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Thursday January 20th

UNC music professor's project emphasizes the importance of female composers

Clara Yang, Associate Professor of Piano and Head of Keyboard Studies at UNC-Chapel Hill, plays the piano. Photo courtesy of Clara Yang.
Buy Photos Clara Yang, Associate Professor of Piano and Head of Keyboard Studies at UNC-Chapel Hill, plays the piano. Photo courtesy of Clara Yang.

From her performances to her lessons, Clara Yang is expanding the definition of classical music. 

“The two words, 'classical music,' they really mean not only a narrow range of composers. Classical music is now so broad,” the UNC associate professor of music said. “Classical music now encompasses a really broad range of composers."

Yang, the head of keyboard studies at the University, said her focus on underrepresented voices in music started after she finished her classical training.

Although she expressed gratitude for the curriculum she studied and the people who trained her as a pianist, she said her independence as an artist gave her the ability to think about her goals and impact as a performer.

“In the process, you start to rethink about, as a performer, your role of being a performer in society," Yang said. “What you do, what you play, not just how you play, does matter.”

Now, Yang has an upcoming project with the UNC Process Series involving a showcase of performances across all different disciplines that highlights new works in progress. Yang's performance, titled "Her Story: Journey into the Musical Worlds of Women Composers," will take place on April 23 and April 24.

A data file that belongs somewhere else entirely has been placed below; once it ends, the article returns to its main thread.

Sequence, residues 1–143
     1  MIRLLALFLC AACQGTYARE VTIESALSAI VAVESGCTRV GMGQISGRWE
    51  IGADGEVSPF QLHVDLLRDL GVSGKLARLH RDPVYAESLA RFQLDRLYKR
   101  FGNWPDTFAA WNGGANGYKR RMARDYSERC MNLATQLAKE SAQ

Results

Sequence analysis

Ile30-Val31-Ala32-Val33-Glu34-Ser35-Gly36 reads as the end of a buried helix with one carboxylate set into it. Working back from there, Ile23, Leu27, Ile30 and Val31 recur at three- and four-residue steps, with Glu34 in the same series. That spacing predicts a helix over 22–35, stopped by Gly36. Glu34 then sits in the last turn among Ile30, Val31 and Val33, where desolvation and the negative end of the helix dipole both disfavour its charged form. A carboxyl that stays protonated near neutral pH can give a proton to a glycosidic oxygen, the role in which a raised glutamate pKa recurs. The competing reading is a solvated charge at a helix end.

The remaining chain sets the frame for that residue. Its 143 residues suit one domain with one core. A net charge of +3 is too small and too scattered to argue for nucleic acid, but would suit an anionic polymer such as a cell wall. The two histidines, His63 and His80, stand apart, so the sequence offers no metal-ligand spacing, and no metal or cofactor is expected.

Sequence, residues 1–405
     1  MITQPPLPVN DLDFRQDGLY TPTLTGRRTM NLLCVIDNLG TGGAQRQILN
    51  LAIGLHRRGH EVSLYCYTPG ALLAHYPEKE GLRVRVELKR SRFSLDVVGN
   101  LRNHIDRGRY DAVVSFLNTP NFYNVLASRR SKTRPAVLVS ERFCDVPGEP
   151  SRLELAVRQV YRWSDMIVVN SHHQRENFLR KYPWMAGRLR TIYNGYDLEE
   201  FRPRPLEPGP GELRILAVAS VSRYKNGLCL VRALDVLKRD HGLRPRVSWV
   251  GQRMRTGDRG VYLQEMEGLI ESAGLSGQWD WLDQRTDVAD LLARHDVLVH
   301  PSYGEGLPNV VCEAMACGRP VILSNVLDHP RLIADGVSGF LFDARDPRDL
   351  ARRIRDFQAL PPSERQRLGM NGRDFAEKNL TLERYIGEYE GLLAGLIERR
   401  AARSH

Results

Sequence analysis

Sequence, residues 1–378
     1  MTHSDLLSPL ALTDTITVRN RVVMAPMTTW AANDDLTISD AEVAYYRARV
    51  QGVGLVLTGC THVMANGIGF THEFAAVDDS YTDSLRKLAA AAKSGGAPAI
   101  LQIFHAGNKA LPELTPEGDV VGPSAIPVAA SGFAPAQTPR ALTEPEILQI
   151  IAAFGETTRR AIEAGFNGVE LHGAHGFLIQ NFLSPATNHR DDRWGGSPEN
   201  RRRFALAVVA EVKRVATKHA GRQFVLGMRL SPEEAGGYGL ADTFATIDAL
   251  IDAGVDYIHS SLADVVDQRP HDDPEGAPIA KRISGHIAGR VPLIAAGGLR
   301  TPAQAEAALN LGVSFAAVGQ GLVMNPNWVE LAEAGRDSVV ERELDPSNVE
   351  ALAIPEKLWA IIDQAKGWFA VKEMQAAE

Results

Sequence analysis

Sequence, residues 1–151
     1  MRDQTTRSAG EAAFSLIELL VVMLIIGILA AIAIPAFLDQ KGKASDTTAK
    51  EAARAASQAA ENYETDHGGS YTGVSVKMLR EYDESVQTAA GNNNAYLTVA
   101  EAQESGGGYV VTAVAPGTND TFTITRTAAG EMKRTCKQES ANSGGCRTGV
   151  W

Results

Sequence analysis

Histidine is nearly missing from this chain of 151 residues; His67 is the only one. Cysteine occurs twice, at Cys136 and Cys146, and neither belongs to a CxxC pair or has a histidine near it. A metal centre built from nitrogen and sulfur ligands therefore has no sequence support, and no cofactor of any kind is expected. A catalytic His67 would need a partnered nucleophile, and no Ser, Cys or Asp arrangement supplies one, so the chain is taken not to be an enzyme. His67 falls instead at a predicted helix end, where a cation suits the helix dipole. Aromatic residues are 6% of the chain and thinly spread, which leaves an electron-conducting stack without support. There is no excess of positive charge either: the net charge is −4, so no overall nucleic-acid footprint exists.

The event is set to feature the compositions of three acclaimed female composers: Amy Beach, Florence Price and Liliya Ugay. Yang and her co-presenter Sunmi Chang, the founder and artistic director of the Summit Chamber Music Series, will perform pieces throughout the concert.

Beach was a white American musician from the Boston area who became one of the first women to receive national recognition for her compositions around the early 1900s.

Yang said that Beach went out of her way to help other women throughout her career. 

“She helped a lot of people for their early careers," Yang said. "She was the head of many institutions. She promoted women and women’s work. (Chang and I) both were really in love with her music immediately. Her music really conveys a lot of emotions very easily."

Florence Price was a Black composer from Arkansas. In 1933, she became the first female composer of African descent whose symphonic work was performed by a major American symphony orchestra. 

Yang spoke about Price's masterful talent and the variety of influences she drew from in her music. 

“(Price) had really impressive compositional skills and her language, musical language, is also really amazing," Yang said. "She draws from spirituals and there’s also a lot of Western techniques in her approach as well. Her music is just really emotional and obviously really reflects her personal experience.”